Fernando Benadon has a rich background as a composer, saxophonist, improviser, and scholar. He brings this experience to his most recent recording project, delight/delirium, particularly to the final two tracks, Búgi Wúgi and Rhythmensional, both of which engage with the boundaries between improvised and notated music in interesting ways. For Rhythmensional, Benadon recorded an improvised drum solo by acclaimed Cuban jazz drummer and composer, Dafnis Prieto. Benadon then composed a through composed piece to be performed along with the recording of Prieto’s solo essentially turning Prieto’s improvisation into fixed media. As a scholar, Benadon has had an enduring interest in the field of “microtimings” (for a very different look at “microtimings”, see Richard Beaudoin’s New Focus release of the same name, FCR125 using the microscopic temporal inflections of iconic recordings as the basis for new composition), which investigates the aspects of time in a performer’s performance that go beyond notation, particularly as they relate to different styles. By recording Prieto and then placing his playing at the foundational level of the piece, in a sense, Benadon has frozen the microtimings in the improvisation while guaranteeing micro-variation in the rhythmic realization of the score by the live performers playing along with Prieto’s track. Búgi Wúgi consciously goes in the opposite direction, achieving the looseness of early jazz piano masters Earl Hines and Bubber Miley and the post-modern sensibility of contemporary experimental improvisors like Ethan Iverson and Vijay Iyer by keeping the left hand steady and meticulously notating improvised “sounding” material in the right hand.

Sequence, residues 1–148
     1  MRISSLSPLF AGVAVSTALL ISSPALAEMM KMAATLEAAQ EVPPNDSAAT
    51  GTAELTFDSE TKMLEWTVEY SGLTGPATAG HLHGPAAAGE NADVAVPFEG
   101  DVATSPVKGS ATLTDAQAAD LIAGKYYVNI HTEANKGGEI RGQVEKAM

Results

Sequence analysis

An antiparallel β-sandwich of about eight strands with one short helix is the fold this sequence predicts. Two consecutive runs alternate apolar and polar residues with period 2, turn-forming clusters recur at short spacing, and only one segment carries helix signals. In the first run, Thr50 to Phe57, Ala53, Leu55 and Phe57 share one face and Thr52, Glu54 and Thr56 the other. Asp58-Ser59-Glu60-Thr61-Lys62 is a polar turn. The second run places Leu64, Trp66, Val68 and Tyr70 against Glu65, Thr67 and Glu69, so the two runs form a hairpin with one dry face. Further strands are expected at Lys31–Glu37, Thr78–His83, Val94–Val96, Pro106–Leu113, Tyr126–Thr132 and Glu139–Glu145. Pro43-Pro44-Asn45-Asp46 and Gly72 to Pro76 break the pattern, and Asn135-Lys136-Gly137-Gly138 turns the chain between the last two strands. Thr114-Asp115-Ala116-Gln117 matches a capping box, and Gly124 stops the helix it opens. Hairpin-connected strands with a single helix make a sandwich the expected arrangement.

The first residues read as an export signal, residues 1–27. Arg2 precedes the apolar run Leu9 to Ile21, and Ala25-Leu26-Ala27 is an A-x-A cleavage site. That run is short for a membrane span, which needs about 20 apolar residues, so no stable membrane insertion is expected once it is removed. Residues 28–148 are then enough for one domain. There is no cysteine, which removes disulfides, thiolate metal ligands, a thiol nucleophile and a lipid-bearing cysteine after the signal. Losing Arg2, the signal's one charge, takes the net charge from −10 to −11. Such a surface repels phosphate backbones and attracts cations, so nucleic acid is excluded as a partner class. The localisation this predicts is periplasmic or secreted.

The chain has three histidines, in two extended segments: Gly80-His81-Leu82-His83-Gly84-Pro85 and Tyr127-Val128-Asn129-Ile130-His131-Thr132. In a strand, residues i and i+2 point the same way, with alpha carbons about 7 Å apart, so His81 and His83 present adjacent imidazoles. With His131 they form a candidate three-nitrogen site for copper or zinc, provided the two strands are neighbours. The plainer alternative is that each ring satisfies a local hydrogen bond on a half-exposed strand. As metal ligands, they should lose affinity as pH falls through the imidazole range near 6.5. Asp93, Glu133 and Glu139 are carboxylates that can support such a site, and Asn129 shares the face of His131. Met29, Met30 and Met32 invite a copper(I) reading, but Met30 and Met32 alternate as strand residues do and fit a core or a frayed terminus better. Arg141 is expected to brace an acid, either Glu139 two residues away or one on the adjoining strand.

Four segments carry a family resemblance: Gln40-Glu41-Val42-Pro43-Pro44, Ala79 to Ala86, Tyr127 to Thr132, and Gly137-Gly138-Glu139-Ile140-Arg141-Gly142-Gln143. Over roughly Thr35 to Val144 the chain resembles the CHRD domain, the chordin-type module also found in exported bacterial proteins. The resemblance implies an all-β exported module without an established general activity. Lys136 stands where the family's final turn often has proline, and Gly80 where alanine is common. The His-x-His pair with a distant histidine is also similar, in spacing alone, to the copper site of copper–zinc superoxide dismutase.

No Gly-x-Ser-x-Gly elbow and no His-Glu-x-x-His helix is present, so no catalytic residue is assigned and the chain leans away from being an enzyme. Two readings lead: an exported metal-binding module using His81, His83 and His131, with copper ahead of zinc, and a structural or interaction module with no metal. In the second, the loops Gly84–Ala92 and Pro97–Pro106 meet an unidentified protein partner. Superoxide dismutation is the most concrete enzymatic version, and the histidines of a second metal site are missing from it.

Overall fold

Cotxes in inspired by the visual imagery of Barcelona, as this unique quartet of sax, vibes, harp, and piano spin out lush, impressionistic harmonies through notated lines that again sound improvised. delight/delirium opens with material that perhaps could be improvised, but reveals itself clearly as a fully through composed piece when we hear tightly coordinated unisons between clarinet and piano near the one minute mark. Nevertheless, the work often falls forward like an improvisation, with a sense of structure that is less oriented towards managed development of material than it is towards a journey whose changes of directions are suggested each moment anew. Cosmicomics is the odd man out aesthetically on the recording, not only because it is the only large ensemble work, but also because it inhabits a more conventionally composerly sound world. The work ebbs and flows between the gently pulsating, impressionistic chords of the opening and more explosive moments that bristle with orchestral color. Cosmicomics is a more direct look at Benadon’s material palette apart from his engagement with exploring the subtle boundaries between improvised and notated music.
1. Cotxes 09:15
2. delight/delirium 07:35
3. Cosmicomics 10:01
4. Bugi Wugi 07:27
5. Rhythmensional 11:47
Track 1,2,4,5 recorded at American University
Track 3 recorded at University of Illinois
Track 5 recorded at Systems Two
Produced with support from the Guggenheim Foundation and the American University’s College of Arts and Sciences
Mix: Rogerio Weis Naressi
Mastering: Yana Sakellion